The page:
1. This case should be a clear warning sign to parties involved in investments in social media platforms and other entities that collect significant amounts of personally identifiable or otherwise sensitive information. Although such considerations have not been a traditional focus of CFIUS, they have been a growing concern in recent years, particularly given heightened concern about Chinese government exploitation of personal data. Last year, FIRRMA made such considerations an independent factor for CFIUS’s evaluation of national security risk. Given the large number of companies across industries that collect personally identifiable information or other sensitive data, the implications are significant. Parties to covered transactions must now consider the consequences of any U.S. data that may be acquired as part of a transaction — and the possibility that the U.S. government may not want such data to be in foreign hands.
  2. In addition to the risk that CFIUS may block or unwind the transaction, parties also need to evaluate the types of CFIUS mitigation they may face. Mitigation not only affects the foreign party, but may also have impact he current operations of the U.S. business. For example, CFIUS may insist on prior notice or approval of certain changes to the company’s development processes or to the company’s service providers.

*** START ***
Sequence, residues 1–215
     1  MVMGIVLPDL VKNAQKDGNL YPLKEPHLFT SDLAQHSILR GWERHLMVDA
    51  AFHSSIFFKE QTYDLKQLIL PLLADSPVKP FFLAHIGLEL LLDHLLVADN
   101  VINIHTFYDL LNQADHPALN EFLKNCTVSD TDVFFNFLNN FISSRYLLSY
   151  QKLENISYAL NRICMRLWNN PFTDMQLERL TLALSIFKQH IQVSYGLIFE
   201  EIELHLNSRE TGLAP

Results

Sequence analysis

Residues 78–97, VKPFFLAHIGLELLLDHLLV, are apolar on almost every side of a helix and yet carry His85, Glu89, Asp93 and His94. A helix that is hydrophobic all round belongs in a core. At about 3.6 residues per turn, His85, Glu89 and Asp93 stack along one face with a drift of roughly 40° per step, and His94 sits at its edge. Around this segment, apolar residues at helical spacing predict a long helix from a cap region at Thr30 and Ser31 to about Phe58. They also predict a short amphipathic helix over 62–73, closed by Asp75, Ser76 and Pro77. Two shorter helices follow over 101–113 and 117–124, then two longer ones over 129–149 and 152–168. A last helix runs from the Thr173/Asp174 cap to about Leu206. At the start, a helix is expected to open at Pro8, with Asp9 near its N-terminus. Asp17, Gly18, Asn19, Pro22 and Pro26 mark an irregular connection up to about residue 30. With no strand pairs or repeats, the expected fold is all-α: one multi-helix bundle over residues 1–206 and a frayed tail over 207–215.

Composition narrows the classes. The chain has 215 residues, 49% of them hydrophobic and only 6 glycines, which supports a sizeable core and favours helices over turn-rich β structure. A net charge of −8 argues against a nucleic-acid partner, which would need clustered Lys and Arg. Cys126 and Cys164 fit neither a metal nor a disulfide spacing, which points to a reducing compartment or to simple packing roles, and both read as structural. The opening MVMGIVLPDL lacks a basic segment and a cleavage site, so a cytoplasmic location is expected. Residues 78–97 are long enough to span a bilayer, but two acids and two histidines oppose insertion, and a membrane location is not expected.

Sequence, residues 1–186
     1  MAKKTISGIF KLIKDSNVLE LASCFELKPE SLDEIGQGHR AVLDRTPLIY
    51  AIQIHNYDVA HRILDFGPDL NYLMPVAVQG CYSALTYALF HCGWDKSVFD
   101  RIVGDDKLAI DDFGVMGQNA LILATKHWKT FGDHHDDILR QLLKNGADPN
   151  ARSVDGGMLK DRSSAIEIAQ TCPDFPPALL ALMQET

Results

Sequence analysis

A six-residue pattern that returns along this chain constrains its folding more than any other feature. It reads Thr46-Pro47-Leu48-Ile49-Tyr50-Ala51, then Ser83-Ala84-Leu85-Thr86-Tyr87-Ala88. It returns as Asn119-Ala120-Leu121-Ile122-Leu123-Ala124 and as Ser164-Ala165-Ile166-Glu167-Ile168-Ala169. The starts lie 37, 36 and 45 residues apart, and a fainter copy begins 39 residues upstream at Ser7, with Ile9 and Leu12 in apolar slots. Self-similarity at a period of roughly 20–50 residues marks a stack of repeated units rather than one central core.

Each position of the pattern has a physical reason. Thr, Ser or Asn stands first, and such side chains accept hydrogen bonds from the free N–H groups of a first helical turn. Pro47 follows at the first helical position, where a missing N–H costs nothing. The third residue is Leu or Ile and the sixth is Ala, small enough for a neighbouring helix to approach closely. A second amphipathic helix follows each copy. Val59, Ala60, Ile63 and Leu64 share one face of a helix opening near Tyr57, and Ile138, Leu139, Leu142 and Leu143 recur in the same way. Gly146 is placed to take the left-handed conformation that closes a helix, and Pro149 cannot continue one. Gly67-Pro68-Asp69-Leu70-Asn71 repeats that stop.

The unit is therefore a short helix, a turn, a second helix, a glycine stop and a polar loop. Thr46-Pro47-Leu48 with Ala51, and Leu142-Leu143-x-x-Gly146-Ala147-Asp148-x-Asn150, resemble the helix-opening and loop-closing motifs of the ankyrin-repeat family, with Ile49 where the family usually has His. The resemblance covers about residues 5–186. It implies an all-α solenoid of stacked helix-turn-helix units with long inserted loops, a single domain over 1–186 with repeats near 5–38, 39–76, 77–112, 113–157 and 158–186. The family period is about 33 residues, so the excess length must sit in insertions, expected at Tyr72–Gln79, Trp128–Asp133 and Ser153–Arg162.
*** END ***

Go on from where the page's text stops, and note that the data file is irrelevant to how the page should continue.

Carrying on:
3. It is not clear, in the Grindr case, whether CFIUS entertained ways to mitigate the national security concerns short of divestment. Given the Chinese ownership of the U.S. business and heightened concern about Chinese government exploitation of personal data, however, it is possible CFIUS determined that the national security risk could not be mitigated.
  4. For CFIUS-ordered divestments, the foreign acquirer is required to sell its stake; the U.S. business is not required to buy out the acquirer. According to The Wall Street Journal, Kunlun is attempting to sell the app for twice what it paid. Although CFIUS typically affords the foreign party an opportunity to close the sale on commercially reasonable terms, it may impose time constraints or other measures that might impact the ability of the seller to obtain its desired terms. CFIUS may also seek to ensure that the new buyer does not present national security concerns, to the extent the buyer is a foreign entity, and that Kunlun does not retain any indicia of control over the U.S. business.
  5. While a CFIUS-mandated unwinding is a powerful remedy, CFIUS may now, as a result of FIRRMA, impose penalties on parties that do not notify CFIUS in advance of certain types of transactions covered by CFIUS’s pilot program. See here. It is critical, therefore, that parties engage CFIUS counsel as early as possible in any deal involving potential foreign investment in a U.S. business.